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The Seven Books Of Arnobius Against The Heathen by Arnobius

7 In the first place, you yourselves, too, see clearly thatà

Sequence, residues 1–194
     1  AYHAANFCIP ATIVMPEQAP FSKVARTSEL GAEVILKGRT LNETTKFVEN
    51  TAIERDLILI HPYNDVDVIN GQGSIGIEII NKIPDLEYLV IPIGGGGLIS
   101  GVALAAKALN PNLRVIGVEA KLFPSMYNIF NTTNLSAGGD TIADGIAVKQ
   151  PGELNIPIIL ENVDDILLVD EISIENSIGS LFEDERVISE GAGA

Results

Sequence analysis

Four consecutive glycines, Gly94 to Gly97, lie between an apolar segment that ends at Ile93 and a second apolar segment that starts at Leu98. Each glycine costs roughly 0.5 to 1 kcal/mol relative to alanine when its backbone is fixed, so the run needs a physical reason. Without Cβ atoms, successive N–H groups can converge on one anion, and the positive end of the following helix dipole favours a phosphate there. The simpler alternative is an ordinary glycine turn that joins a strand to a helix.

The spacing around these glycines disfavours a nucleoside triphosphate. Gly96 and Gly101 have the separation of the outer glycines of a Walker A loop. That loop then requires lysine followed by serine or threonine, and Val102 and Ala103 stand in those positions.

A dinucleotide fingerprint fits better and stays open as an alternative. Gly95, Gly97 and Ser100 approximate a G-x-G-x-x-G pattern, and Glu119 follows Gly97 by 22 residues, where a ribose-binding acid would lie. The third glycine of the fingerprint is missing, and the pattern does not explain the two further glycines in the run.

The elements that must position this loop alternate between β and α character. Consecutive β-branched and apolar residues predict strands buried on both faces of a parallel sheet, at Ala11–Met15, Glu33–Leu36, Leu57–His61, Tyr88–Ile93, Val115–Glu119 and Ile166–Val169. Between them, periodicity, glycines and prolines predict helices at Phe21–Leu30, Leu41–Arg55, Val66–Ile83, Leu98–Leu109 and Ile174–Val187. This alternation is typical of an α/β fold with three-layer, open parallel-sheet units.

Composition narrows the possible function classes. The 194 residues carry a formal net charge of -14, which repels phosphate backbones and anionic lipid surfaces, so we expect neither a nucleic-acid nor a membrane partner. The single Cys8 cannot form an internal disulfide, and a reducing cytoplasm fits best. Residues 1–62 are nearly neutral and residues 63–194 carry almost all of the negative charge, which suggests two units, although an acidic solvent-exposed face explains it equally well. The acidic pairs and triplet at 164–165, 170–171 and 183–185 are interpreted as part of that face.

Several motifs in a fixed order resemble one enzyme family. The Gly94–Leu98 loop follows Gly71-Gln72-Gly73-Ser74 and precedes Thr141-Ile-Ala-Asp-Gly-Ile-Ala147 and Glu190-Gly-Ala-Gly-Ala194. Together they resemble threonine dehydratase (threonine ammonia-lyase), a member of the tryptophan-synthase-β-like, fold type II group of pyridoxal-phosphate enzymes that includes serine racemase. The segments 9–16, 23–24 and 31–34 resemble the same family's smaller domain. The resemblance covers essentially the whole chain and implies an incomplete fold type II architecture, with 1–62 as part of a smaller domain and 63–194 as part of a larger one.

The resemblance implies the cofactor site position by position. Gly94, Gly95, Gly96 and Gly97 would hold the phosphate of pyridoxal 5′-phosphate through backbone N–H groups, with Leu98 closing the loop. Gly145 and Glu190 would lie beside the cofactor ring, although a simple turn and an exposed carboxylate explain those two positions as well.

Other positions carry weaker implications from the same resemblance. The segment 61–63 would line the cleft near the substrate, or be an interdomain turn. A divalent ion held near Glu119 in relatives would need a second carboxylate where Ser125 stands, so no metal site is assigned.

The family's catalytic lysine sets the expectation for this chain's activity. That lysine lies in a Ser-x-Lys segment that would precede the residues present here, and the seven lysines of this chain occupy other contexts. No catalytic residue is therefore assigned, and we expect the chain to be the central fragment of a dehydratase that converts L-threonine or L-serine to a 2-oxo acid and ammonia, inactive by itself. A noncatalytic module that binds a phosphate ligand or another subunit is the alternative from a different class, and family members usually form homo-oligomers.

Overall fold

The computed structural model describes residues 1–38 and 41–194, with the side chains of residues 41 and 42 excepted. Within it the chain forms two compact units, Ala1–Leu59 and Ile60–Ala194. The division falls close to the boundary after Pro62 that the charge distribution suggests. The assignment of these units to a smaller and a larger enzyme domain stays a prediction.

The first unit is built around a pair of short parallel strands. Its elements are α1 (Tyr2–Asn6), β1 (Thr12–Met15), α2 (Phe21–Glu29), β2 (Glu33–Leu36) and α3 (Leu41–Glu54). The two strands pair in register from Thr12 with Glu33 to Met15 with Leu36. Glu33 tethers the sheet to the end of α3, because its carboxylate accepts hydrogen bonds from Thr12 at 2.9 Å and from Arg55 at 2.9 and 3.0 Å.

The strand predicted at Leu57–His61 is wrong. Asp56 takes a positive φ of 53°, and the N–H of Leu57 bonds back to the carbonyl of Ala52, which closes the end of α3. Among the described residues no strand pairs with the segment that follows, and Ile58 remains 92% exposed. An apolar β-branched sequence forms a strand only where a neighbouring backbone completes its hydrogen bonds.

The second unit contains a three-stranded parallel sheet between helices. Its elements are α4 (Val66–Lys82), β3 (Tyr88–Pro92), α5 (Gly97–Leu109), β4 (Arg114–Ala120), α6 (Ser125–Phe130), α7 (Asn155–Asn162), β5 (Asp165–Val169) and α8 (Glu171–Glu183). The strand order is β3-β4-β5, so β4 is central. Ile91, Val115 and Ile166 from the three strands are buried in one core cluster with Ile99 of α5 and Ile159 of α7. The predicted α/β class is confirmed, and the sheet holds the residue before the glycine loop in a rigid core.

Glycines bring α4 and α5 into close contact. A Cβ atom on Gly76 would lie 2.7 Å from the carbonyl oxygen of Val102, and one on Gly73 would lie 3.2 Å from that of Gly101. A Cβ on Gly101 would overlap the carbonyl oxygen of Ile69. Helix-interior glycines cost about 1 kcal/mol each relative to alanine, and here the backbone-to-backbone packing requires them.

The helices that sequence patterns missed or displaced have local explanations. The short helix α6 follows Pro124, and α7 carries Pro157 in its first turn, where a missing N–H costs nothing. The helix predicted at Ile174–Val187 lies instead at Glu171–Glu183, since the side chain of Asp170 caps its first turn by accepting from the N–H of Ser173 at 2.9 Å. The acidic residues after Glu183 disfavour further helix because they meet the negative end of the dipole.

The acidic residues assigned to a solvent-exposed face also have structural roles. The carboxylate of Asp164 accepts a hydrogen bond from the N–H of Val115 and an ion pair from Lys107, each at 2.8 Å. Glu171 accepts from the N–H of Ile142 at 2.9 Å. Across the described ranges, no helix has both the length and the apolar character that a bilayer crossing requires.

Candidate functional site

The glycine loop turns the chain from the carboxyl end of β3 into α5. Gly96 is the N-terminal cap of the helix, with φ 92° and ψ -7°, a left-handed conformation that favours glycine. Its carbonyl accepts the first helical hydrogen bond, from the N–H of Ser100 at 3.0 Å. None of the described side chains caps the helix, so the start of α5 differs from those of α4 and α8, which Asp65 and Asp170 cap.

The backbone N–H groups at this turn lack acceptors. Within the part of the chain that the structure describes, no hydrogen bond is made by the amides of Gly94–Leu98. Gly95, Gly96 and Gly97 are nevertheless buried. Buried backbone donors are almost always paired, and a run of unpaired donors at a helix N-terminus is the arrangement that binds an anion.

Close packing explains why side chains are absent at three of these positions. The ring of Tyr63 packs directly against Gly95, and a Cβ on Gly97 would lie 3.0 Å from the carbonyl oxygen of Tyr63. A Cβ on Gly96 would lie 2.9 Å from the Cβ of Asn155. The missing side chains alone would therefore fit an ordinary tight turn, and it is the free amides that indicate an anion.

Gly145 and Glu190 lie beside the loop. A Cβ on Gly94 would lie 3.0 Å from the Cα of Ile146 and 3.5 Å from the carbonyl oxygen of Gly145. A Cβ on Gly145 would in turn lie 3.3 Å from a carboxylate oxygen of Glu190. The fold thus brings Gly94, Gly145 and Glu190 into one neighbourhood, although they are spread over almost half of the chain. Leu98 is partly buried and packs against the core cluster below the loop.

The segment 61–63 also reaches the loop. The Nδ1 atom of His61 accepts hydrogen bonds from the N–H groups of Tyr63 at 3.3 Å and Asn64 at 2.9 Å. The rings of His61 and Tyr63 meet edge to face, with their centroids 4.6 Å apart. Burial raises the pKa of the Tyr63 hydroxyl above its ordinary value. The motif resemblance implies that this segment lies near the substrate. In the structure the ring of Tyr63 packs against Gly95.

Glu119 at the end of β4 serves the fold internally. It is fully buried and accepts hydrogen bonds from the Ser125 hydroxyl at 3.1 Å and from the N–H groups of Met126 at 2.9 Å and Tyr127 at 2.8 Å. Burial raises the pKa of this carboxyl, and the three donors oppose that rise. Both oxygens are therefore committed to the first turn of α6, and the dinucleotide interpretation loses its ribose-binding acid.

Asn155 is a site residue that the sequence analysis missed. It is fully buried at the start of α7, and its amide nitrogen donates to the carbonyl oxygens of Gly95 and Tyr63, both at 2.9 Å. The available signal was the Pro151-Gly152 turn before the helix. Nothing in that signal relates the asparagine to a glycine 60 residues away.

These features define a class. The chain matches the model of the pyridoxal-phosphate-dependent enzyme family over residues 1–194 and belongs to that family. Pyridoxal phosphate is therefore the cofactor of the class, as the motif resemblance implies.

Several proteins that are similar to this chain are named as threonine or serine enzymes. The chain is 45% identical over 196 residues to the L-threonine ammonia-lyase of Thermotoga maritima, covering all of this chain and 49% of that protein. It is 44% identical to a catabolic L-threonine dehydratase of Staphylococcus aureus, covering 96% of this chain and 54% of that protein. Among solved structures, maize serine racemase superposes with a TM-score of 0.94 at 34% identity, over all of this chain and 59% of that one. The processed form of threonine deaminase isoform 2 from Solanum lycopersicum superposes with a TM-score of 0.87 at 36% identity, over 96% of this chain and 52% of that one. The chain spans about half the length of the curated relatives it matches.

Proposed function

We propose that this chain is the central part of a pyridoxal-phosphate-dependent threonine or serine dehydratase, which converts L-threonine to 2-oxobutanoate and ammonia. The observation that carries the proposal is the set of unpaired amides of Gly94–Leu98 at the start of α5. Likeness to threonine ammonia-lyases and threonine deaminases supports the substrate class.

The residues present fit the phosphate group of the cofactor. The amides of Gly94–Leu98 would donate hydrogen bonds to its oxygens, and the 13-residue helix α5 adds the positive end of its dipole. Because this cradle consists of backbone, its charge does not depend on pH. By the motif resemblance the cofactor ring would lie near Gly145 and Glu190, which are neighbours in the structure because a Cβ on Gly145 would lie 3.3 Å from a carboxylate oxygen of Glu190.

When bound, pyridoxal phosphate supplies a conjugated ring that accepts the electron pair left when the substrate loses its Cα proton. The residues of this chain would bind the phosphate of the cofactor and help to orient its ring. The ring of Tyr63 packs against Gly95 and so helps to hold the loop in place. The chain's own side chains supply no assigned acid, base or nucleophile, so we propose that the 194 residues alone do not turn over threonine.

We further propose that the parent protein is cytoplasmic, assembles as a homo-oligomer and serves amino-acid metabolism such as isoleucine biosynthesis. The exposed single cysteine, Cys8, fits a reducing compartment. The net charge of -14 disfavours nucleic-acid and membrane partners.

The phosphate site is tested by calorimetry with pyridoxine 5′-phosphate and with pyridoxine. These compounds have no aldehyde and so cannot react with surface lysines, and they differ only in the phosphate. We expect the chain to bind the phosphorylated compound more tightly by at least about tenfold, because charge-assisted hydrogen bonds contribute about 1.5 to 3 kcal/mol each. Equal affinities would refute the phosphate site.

In the first place, you yourselves, too, see clearly that, if you ever discuss obscure subjects, and seek to lay bare the mysteries of nature, on the one hand you do not know the very things which you speak of, which you affirm, which you uphold very often with especial zeal, and that each one defends with obstinate resistance his own suppositions as though they were proved and ascertained truths. For how can we of ourselves know whether we perceive the truth, even if all ages be employed in seeking out knowledge -- we whom some envious power brought forth, and formed so ignorant and proud, that, although we know nothing at all, we yet deceive ourselves, and are uplifted by pride and arrogance so as to suppose ourselves possessed of knowledge? For, to pass by divine things, and those plunged in natural obscurity, can any man explain that which in the Phædrus the well-known Socrates cannot comprehend -- what man is, or whence he is, uncertain, changeable, deceitful, manifold, of many kinds? for what purposes he was produced? by whose ingenuity he was devised? what he does in the world? (C) why he undergoes such countless ills? whether the earth gave life to him as to worms and mice, being affected with decay through the action of some moisture; or whether he received these outlines of body, and this cast of face, from the hand of some maker and framer? Can he, I say, know these things, which lie open to all, and are recognisable by the senses common to all, -- by what causes we are plunged into sleep, by what we awake? in what ways dreams are produced, in what they are seen? nay rather -- as to which Plato in the Theætetus is in doubt -- whether we are ever awake, or whether that very state which is called waking is part of an unbroken slumber? and what we seem to do when we say that we see a dream? whether we see by means of rays of light proceeding towards the object, or images of the objects fly to and alight on the pupils of our eyes? whether the flavour is in the things tasted, or arises from their touching the palate? from what causes hairs lay aside their natural darkness, and do not become gray all at once, but by adding little by little? why it is that all fluids, on mingling, form one whole; that oil, on the contrary, does not suffer the others to be poured into it, but is ever brought together clearly into its own impenetrable substance? finally, why the soul also, which is said by you to be immortal and divine, is sick in men who are sick, senseless in children, worn out in doting, silly, and crazy old age? Now the weakness and wretched ignorance of these theories is greater on this account, that while it may happen that we at times say something which is true, we cannot be sure even of this very thing, whether we have spoken the truth at all.
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